Subsea Cable Testing and 4 other types of verification: the Design Compliance Matrix

Jul 14, 2022 1:50:49 PM / by Sander van Leeuwen

Verifying the required specifications is perhaps the most crucial part of designing a naval subsea cable. After all, as an engineer, you must be able to prove that the cable works as it is supposed to. There are five different ways of verification, one of which is subsea cable testing. 


At DeRegt, we use a Design Compliance Matrix (DCM) as the foundation for the verification process. This way, you know that all of your specifications are thoroughly verified. This blog explains how a DCM works and what verification methods there are, including examples.


How the Design Compliance Matrix is built for subsea cable testing and more

The Design Compliance Matrix first describes the scope of the project. Here it is defined what the cable request entails and what the purpose of the Design Compliance Matrix is: what needs to be verified?


The project's background is also thoroughly described in the next chapter, where we include more about the subsea project in the DCM and whether there are any peculiarities. For example, when it comes to the winch or the termination. 


The Matrix of Conformity is the most essential part of the DCM. All specifications of the subsea cable are listed here. In the columns after the specifications, it is specified how these will be verified. 


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5 Verification Methods within your DCM

There are five possible verification methods within the Design Compliance Matrix. The first column lists whether the qualification is done by Inspection (I), Analysis (A), or Demonstration (D). Subsea cable testing (T) is listed below as either Qualification Test or FAT, describing when the test(s) occur. The fifth verification method is the Certificate of Conformity. 


These verification methods are defined in detail within every DCM, together with used abbreviations. This way, the reader can always double-check what is stated about the specification and its accompanying verification method.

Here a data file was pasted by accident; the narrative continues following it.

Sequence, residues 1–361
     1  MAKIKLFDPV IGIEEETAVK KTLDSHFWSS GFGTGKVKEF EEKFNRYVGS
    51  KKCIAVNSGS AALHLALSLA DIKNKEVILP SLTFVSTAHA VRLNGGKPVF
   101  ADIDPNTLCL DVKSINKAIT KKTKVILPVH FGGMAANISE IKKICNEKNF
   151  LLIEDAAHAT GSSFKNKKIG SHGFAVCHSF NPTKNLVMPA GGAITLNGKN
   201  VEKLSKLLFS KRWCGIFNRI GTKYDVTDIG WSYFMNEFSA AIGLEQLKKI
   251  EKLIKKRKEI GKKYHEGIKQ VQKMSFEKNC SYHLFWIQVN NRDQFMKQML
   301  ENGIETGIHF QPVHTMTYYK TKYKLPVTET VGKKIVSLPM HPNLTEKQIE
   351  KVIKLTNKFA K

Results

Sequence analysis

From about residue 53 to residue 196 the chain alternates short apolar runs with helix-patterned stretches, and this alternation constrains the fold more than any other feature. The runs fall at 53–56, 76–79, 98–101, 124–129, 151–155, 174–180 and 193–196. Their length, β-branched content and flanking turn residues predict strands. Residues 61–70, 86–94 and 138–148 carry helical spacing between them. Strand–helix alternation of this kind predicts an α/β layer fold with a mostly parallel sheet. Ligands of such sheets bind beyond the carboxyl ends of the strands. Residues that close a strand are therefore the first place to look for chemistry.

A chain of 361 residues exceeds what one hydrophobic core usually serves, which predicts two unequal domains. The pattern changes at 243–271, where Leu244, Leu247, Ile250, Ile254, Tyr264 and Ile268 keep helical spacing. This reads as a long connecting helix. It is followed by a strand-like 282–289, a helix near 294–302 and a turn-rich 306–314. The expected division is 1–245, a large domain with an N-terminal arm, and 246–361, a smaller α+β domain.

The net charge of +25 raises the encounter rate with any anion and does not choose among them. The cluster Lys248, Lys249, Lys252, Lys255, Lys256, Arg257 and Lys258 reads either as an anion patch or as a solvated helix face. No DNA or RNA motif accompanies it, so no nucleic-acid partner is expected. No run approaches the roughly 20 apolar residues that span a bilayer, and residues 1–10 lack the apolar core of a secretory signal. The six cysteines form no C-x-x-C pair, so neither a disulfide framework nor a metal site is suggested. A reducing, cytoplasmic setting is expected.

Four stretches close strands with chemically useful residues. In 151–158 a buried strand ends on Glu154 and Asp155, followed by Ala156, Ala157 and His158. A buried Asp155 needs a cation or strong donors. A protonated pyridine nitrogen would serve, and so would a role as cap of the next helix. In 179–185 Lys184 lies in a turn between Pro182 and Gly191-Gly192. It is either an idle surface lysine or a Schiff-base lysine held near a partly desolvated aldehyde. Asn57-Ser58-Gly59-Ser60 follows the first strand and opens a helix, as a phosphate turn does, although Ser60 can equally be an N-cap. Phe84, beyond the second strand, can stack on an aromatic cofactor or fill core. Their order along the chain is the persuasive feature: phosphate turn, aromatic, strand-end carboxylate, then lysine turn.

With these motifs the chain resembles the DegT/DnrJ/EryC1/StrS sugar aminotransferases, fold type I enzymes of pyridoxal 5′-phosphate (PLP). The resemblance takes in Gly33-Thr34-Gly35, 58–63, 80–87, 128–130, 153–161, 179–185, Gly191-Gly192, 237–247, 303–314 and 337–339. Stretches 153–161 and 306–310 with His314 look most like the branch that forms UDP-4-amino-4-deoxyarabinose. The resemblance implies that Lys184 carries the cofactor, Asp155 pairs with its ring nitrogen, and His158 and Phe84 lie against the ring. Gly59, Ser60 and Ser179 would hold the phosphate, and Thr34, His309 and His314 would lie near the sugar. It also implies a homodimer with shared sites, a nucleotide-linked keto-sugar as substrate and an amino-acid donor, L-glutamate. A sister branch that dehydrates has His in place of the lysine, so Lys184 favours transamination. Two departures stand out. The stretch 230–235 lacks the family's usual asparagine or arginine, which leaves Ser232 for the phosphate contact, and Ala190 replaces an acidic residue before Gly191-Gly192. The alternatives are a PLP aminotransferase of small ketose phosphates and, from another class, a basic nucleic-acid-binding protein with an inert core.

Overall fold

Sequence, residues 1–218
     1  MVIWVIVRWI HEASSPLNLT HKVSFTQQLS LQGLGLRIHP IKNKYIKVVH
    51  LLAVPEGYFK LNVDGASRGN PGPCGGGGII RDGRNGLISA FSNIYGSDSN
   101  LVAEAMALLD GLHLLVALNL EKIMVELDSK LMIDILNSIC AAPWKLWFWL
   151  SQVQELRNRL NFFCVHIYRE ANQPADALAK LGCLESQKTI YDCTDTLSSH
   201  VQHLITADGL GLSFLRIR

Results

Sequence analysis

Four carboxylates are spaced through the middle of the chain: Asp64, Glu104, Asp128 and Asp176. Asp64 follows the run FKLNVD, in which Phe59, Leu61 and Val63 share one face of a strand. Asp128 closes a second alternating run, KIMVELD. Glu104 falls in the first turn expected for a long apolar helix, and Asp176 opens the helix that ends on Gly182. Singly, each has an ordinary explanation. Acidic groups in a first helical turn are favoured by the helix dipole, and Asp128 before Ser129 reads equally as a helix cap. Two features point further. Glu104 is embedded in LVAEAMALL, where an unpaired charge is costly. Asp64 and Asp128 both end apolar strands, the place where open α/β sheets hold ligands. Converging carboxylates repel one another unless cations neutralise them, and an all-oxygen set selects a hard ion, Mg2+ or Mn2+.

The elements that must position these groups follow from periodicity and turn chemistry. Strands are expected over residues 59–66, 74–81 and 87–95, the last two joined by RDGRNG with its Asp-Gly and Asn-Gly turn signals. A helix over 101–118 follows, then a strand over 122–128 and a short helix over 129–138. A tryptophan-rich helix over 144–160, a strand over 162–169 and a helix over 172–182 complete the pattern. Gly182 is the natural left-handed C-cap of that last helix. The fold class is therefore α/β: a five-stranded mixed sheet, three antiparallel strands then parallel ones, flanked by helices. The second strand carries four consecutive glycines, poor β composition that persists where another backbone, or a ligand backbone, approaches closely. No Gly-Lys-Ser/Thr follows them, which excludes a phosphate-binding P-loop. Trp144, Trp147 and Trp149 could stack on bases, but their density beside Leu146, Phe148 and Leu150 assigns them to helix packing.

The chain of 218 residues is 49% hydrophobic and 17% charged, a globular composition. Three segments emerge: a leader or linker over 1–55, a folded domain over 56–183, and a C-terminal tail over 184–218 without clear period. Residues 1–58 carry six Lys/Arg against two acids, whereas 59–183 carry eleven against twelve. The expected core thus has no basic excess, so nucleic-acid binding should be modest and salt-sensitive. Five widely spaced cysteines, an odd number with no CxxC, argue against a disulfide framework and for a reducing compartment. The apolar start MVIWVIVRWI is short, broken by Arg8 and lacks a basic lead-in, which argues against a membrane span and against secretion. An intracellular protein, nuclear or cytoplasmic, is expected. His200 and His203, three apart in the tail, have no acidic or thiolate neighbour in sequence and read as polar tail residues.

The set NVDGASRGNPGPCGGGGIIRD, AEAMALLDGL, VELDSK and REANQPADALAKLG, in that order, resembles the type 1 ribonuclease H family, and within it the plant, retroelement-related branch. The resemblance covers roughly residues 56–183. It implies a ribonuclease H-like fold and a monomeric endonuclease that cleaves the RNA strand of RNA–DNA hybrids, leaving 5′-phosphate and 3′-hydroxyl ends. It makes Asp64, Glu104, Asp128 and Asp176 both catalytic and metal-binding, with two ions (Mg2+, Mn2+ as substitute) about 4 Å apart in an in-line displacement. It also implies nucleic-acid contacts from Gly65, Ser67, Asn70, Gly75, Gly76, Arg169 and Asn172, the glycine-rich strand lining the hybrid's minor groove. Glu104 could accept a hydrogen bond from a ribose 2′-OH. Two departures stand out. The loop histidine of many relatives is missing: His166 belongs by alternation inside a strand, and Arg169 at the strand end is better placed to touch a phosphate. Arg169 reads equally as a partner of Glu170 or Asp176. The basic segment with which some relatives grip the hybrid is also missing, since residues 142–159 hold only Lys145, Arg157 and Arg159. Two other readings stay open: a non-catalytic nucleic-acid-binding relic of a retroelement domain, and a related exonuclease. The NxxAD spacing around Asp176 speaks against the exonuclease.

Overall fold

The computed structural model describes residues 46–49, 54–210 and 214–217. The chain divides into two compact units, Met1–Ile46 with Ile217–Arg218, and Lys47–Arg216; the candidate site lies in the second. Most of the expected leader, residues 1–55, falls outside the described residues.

Important to know is that verification methods can also be combined. For example, if something is analyzed in an early stage of the design process, a demonstration might be required to verify it. 


Below, we’ll define the five verification methods and give examples for each of them. 


1. Inspection (I)

The first verification method is Inspection. Specifications that can be verified by inspection, are checked visually or by dimensional checking. This relies mainly on the human senses (sight and touch), but basic measurements or handling methods are sometimes used. For example, Inspection can be done with a meter rule or a microscope.


An example of Inspection is the cable diameter measurement. The cable drawing is inspected in the early stages of the design process. Is the diameter as big as specified? At the FAT, the final product is inspected again. By comparing those inspections, the specification “cable diameter” is verified.


2. Demonstration (D)

For operational characteristics, often a Demonstration is required for verification. These specifications can be observed on the running item without needing physical measurements.